HINTERLAND (German for " the land behind "), the region lying behind a coast or river line, or a country dependent for trade or commerce on any other region. In the purely physical sense " interior " on " back country " is more commonly used, but the word has gained a distinct political significance. It first came into prominence during 1883-1885, when Germany insisted that she had a right to exercise jurisdiction in the territory behind those parts of the African coast that she had occupied. The " doctrine of the hinterland " was that the possessor of the littoral was entitled to as much of the back country as geographically, economically or politically was dependent upon the coast lands, a doctrine which, in the space of ten years, led to the partition of Africa between various European powers.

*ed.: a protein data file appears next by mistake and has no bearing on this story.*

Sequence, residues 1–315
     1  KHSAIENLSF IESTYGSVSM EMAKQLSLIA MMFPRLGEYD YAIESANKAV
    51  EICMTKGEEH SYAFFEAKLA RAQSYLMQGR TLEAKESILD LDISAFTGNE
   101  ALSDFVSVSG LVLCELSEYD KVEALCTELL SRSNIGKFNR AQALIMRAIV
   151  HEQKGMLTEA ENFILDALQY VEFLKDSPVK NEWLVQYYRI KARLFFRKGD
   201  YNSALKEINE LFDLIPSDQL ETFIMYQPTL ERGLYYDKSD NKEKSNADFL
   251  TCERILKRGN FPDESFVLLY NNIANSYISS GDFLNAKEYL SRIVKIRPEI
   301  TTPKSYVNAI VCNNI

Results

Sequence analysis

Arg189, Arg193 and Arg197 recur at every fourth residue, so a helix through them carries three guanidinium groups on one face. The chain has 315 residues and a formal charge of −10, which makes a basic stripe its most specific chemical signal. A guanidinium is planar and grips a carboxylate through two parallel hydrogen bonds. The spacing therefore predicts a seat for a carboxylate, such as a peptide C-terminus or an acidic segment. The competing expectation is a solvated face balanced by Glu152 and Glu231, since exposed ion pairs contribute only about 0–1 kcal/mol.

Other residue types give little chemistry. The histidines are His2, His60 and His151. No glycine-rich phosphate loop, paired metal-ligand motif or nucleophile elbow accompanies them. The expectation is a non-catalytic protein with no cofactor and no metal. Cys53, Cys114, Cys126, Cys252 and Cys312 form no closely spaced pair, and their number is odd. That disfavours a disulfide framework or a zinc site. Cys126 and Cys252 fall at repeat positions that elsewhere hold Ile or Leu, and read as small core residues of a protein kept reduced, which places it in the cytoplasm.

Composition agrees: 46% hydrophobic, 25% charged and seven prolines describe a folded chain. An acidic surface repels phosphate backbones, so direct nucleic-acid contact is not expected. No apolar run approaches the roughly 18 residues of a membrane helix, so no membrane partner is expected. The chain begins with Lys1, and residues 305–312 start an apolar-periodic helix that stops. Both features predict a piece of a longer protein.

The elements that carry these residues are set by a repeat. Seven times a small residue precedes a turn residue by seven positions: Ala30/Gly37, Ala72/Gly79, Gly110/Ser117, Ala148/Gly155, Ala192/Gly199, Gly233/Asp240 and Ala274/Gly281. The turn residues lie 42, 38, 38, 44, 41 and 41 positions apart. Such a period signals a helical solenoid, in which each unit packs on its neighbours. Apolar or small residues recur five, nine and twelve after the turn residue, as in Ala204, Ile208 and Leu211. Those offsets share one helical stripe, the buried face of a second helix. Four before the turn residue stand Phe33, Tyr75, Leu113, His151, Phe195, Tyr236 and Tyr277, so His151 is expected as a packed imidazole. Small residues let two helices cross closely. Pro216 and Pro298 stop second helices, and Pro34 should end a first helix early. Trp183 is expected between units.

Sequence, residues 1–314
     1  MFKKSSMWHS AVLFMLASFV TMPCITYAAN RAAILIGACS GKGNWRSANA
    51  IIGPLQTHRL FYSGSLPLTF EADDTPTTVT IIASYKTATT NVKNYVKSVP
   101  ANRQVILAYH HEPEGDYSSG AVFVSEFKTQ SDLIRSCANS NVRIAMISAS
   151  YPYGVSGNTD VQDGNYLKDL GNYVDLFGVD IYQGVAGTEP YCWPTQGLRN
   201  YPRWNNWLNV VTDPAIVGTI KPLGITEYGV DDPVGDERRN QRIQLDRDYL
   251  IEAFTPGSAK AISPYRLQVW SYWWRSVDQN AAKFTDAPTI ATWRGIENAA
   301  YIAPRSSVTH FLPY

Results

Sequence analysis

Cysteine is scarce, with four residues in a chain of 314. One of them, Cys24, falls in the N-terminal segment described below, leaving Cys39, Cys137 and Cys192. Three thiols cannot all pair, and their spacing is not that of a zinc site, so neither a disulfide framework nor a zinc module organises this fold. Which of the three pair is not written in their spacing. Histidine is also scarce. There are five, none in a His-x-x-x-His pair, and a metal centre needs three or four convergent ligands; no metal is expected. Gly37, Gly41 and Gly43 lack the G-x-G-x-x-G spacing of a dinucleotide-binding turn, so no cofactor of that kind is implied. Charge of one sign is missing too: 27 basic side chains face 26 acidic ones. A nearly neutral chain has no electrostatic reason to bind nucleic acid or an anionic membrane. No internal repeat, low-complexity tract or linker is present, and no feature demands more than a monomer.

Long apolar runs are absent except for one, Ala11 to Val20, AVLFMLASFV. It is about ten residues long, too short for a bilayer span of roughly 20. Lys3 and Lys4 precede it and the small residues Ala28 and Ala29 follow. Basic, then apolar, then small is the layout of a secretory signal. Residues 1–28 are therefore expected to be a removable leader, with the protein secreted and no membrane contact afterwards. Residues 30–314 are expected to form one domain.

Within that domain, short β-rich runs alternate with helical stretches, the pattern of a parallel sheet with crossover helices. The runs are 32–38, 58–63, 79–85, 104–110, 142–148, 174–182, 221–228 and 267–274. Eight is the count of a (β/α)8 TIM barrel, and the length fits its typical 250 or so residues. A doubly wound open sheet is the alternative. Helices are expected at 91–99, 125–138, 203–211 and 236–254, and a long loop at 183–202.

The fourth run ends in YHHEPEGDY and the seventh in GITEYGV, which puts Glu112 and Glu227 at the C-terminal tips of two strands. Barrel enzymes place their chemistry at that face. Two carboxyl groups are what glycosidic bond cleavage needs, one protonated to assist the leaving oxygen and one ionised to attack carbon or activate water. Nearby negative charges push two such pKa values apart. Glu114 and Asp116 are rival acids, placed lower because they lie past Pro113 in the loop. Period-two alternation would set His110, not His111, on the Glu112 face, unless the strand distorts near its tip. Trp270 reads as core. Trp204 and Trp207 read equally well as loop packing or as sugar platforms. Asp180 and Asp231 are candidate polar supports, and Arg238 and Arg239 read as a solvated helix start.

Note - this article incorporates content from Encyclopaedia Britannica, Eleventh Edition, (1910-1911)